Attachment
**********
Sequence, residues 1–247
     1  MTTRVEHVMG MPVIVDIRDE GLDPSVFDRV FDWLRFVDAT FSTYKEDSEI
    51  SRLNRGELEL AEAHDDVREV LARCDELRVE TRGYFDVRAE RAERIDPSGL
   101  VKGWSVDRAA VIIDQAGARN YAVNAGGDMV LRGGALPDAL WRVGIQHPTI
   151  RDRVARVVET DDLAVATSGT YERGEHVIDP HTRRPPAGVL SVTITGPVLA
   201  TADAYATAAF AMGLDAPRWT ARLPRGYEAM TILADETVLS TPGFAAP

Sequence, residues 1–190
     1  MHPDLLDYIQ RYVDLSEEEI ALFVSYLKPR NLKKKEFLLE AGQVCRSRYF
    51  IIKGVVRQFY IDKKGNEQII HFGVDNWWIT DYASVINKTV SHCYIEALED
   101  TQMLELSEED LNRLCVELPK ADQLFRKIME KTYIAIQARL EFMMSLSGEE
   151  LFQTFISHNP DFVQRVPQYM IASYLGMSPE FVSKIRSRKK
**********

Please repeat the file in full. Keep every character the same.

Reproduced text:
Sequence, residues 1–247
     1  MTTRVEHVMG MPVIVDIRDE GLDPSVFDRV FDWLRFVDAT FSTYKEDSEI
    51  SRLNRGELEL AEAHDDVREV LARCDELRVE TRGYFDVRAE RAERIDPSGL
   101  VKGWSVDRAA VIIDQAGARN YAVNAGGDMV LRGGALPDAL WRVGIQHPTI
   151  RDRVARVVET DDLAVATSGT YERGEHVIDP HTRRPPAGVL SVTITGPVLA
   201  TADAYATAAF AMGLDAPRWT ARLPRGYEAM TILADETVLS TPGFAAP

Sequence, residues 1–190
     1  MHPDLLDYIQ RYVDLSEEEI ALFVSYLKPR NLKKKEFLLE AGQVCRSRYF
    51  IIKGVVRQFY IDKKGNEQII HFGVDNWWIT DYASVINKTV SHCYIEALED
   101  TQMLELSEED LNRLCVELPK ADQLFRKIME KTYIAIQARL EFMMSLSGEE
   151  LFQTFISHNP DFVQRVPQYM IASYLGMSPE FVSKIRSRKK